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Bringing an Entrepreneurial Mindset to Curriculum

Bringing an Entrepreneurial Mindset to Curriculum

A look at why it is important to understand that the entrepreneurial mindset does not just belong in business curriculum; a review of the three main components of entrepreneurial thinking; and the Big Think Activity developed by Andrew Foti.

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Jeremy McQuigge

April 27, 2016
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Transcript

  1. BRINING AN ENTREPRENEURIAL MINDSET TO CURRICULUM

  2. But why do we care about… Entrepreneurship?

  3. THE REALITY – Changing Labour By 2020, up to 50%

    of the workforce will be contingent
  4. THE REALITY – Innovative Canada remains near the bottom of

    its peer group on innovation, ranking 13th among the 16 peer countries.
  5. THE REALITY – Student Anticipation 46% of Canadian PSE students

    said they see themselves starting a business after graduation.
  6. THE REALITY – Job Creation 60 – 80% of all

    new jobs COME FROM SMALL BUSINESS (100,000 annually)
  7. THE REALITY – Signature Experience Practical, real-world learning outcomes and

    skill development is essential in today’s rapidly changing economy.
  8. THE REALITY – Resources Everyone everywhere is being asked to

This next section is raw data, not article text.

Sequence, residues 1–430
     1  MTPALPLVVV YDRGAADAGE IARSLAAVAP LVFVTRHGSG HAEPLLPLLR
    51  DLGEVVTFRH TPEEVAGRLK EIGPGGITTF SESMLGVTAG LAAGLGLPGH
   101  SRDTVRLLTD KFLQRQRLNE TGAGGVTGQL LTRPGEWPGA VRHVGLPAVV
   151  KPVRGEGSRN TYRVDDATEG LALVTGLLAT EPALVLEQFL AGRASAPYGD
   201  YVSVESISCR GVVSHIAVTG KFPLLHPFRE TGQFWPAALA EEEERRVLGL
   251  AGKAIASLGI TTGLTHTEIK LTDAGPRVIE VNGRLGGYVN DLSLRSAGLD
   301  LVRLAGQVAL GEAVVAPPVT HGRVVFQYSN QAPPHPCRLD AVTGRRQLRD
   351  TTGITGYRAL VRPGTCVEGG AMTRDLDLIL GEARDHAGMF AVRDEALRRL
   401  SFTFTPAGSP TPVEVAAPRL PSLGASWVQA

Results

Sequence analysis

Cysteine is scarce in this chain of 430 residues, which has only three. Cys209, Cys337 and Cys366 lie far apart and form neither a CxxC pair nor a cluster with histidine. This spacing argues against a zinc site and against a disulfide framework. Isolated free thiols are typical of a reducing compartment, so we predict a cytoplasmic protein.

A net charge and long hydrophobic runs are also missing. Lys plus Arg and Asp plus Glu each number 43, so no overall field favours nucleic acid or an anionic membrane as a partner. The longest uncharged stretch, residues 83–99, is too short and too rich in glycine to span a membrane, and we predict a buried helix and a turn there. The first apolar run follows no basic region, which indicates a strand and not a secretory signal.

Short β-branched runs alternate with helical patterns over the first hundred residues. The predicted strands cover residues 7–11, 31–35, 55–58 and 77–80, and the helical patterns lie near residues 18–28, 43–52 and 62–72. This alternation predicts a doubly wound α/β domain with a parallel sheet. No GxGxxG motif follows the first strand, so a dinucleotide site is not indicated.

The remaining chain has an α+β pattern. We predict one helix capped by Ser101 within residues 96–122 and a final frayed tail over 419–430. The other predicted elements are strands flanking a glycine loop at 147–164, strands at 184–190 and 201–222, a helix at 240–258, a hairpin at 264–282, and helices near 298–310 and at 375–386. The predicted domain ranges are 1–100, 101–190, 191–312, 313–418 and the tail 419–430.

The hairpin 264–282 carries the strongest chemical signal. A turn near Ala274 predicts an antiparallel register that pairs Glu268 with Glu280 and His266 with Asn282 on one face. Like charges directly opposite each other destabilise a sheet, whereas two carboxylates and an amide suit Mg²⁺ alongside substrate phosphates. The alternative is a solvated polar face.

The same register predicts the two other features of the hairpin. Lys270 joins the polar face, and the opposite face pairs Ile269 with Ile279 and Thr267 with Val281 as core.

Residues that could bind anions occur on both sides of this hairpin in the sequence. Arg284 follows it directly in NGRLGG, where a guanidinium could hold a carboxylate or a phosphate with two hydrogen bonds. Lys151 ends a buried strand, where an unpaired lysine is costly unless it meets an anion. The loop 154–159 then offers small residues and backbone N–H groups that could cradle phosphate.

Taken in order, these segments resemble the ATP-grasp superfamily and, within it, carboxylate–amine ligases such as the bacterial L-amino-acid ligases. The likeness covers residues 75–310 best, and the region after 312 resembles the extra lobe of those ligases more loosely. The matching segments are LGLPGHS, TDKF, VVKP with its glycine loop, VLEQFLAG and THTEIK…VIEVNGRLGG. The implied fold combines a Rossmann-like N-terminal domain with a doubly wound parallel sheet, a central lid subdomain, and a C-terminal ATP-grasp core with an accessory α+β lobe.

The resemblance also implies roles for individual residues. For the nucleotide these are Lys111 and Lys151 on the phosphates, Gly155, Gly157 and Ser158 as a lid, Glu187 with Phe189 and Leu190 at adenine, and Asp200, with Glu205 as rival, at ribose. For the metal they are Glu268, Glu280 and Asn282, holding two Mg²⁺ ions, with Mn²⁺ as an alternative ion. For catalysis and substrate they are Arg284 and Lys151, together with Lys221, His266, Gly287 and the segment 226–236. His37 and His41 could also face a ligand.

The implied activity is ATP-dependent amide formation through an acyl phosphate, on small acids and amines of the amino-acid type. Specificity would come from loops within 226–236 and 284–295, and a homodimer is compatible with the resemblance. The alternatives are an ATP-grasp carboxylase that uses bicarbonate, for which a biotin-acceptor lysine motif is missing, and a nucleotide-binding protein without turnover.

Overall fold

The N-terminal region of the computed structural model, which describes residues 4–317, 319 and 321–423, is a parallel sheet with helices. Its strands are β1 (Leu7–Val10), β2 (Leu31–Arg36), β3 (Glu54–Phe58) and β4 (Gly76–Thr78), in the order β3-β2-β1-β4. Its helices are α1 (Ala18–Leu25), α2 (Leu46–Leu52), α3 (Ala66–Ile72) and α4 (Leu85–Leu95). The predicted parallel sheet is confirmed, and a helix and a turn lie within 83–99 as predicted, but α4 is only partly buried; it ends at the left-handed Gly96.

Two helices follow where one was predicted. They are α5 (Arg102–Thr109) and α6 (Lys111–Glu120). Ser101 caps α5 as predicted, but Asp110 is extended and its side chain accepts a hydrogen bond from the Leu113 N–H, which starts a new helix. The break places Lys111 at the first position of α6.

do more with less.
  9. The Approach for this Session 1. Identify three main components

    of entrepreneurial thinking 2. Engaging in the Big Think activity 3. Our ask of you is to help Build Capacity for this style of thinking across the educational community
  10. But what is … Entrepreneurship?

  11. Traditional entrepreneur en·tre·pre·neur (äntrəprəˈno͝or,-ˈnər/) noun A person who sets up

    a business or businesses, taking on financial risks in the hope of profit: many entrepreneurs see potential in this market
  12. Non-Traditional entrepreneurship entrepreneurship may be defined as the pursuit of

    opportunity without regard to resources
  13. 3 defining points of Entrepreneurial Thinking

  14. Entrepreneurial Thinking #1 Affordable loss

  15. Entrepreneurial Thinking #2 Lemonade Principle

  16. Entrepreneurial Thinking #3 A Mindset

  17. But what does Entrepreneurial Thinking look like?

  18. Managerial Thinking – Casual Reasoning 1. Where are we now?

    2. Where do we want to 3. How are we going to get there?
  19. Entrepreneurial Thinking – Effective Reasoning “The best way to predict

    the future is to invent it.” -Alan Curtis Kay
  20. THE BIG THINK 5 pressing challenges of our sector

  21. Closing the Gaps – Enabling Innovation • Gap of awareness

    • Gap of courage • Gap of execution
  22. It’s Easier than Ever to Solve Big Problems… • Connectivity

    • Inexpensive telecommunications infrastructure • Ubiquitous networking platforms • Free Open Source Resources • Increased problem complexity • Reduced capital intensity • Moore’s Law • Affordable high-powered tool sets • Cloud-based computing and applications
  23. Envision the Future • What if … were possible?

  24. Group Exercise What are the biggest problems to be solved

    or opportunities in cooperative education? • Form groups (embrace diversity, i.e. people you don’t know well) (2 minutes) • Brainstorming (30 minutes) • Choose best idea, prepare and nominate presenter (2 minutes) • Group presentations (60 seconds each, max.)